6/10/09 – TG: Lawyer of Alamo requests hearing to examine evidence

Texarkana Gazette
June 10, 2009
By: Lynn LaRowe

Lawyer of Alamo requests hearing to examine evidence

In a motion filed Tuesday, the lawyer representing Tony Alamo Christian Ministries requests a hearing to examine evidence in a civil suit accusing the Arkansas Department of Human Services of harassment and civil rights violations.

The motion comes just a week after U.S. District Judge Harry Barnes of the Western District of Arkansas issued an order that essentially halted proceedings in the case until the court decides if the church has standing in federal court.

Barnes’ June 2 order meant that Phillip Kuhn, a Florida attorney who filed the suit on behalf of the ministry and two fathers whose children are in foster care, could not collect records from DHS he’d subpoenaed or depose witnesses last week as planned.

In responses to Kuhn’s filings, DHS has described the suit as nothing more than an attempt to get a federal court involved in state custody proceedings. Established legal doctrine usually keeps federal courts out of cases that are already being dealt with at the state level.

A bad-faith violation of civil rights, found in only rare circumstances, is an exception to abstention doctrine.

Kuhn has accused DHS of using a child abuse investigation to disband a controversial church.

Circuit judges presiding over custody matters have ordered Alamo-following parents to sever residential and employment ties with the ministry and end financial dependence on it. Kuhn’s filings in the federal suit allege the parents are being forced to choose between their children and their own salvation.

“The plaintiffs respectfully assert that the attached exhibit clearly shows that the intent and purpose of the defendants was not to protect children, but to get to Tony Alamo and destroy his church,” the motion said. “The raid on the church was carefully planned and orchestrated, not for the purpose of protecting children, but as a direct assault on the church itself.”

Filed under seal with the motion are portions of transcripts from custody hearings held in Miller County Circuit Court last September.

Search warrants on file in Tony Alamo’s pending criminal case indicate the FBI and Arkansas State Police were looking for evidence of child pornography.

“Our only interest is in protecting children from abuse and neglect,” said DHS Communications Director Julie Munsell. “That is the only thing that drives our decision making.”

Kuhn alleges in the motion that the transcript proves DHS was involved in an investigation of the ministry long before properties in Fouke, Ark., were raided by the FBI and ASP on Sept. 20.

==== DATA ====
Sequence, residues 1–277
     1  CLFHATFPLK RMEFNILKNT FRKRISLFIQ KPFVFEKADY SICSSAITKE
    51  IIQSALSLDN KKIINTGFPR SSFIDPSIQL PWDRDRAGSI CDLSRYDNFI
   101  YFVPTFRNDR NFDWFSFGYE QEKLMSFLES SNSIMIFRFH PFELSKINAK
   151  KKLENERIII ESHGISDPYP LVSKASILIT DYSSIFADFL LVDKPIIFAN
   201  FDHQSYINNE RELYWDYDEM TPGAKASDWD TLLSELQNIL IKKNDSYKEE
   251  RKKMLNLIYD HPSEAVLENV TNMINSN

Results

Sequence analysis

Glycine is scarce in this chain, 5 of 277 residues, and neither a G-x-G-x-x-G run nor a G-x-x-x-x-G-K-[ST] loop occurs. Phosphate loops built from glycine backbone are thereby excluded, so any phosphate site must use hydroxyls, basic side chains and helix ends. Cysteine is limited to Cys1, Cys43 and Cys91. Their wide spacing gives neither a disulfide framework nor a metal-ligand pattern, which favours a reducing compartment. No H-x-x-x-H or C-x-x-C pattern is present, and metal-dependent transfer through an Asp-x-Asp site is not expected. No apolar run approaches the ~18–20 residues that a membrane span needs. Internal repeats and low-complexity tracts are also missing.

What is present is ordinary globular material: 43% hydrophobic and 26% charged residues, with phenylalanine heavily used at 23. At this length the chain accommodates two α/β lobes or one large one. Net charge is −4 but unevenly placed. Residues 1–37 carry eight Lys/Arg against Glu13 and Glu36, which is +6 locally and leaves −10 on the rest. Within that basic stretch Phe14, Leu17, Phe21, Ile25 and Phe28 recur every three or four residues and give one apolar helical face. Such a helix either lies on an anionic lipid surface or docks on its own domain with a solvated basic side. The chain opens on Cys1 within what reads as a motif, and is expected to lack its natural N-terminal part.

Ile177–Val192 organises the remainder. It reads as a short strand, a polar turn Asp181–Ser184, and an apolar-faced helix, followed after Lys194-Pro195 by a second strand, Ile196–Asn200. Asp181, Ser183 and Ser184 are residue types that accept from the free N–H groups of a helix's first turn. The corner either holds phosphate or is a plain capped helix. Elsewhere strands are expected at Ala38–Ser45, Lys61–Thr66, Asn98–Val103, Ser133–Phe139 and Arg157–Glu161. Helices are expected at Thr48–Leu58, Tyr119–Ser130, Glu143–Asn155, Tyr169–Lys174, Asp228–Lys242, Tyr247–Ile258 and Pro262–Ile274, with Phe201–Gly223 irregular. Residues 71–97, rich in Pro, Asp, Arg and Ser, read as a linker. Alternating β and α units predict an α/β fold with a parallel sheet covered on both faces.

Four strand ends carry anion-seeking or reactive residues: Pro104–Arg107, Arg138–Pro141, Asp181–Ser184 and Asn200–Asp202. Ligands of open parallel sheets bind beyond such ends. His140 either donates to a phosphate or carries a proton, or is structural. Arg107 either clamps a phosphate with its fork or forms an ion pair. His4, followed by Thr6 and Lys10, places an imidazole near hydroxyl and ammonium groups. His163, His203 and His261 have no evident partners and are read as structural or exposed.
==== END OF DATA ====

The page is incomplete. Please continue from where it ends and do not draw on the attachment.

“Removal is the last step, not the first,” Munsell said. “We moved when we thought it was safe to do so and we had to work in concert with law enforcement. We removed children we believed were in imminent danger.”

Six girls, ranging in age from 10 to 17, were taken into state custody that night by DHS. Since then, 30 other children have been placed in foster care. Removal orders for more than 125 children were signed in November by circuit judges in Miller and Sebastian counties.

The whereabouts of the other children remain unknown.

“The exhibit reveals that special people were appointed by the Defendant Selig to take into custody all females of the church under the age of 18 at the time of the raid regardless of what conditions were found to exist,” Kuhn said in the June 9 motion.

John Selig is a DHS administrator named as a defendant in the suit.

Munsell said DHS pieces together information before deciding what action to take in a child abuse investigation.

“Suspected abuse is different than imminent risk. We didn’t remove all the children at the time of the raid,” Munsell said. “We have to go through a process, assessing what the risk level is for children. Sometimes information dribbles in.”

Kuhn argues that DHS is guilty of one of two things:

“First, the defendants knew of the alleged abuse for a substantial period of time and did nothing to protect the children for a considerable period of time, or, secondly, the alleged abuse did not rise to the definition of ‘substantial risk of serious harm’ as required by the Ark. statute,” the motion said. “The defendants were either derelict in the performance of their duties or the alleged abuse was a pretext they employed to destroy the church.”

Munsell said the only time a parent’s religion matters in a case of suspected abuse or neglect is when it motivates the concerning behavior.

“We don’t want to remove children from homes unnecessarily,” Munsell said. “We didn’t take all the children at the time of the raid.”

Both the FBI and ASP have previously stated that before the September raid, Alamo and his ministry had been under investigation for about two years.

Alamo, also known as Bernie LaZar Hoffman, will be tried before a jury next month in Barnes’ court for allegedly bringing young girls across state lines for sex.

In: 2009 - (Trial year)

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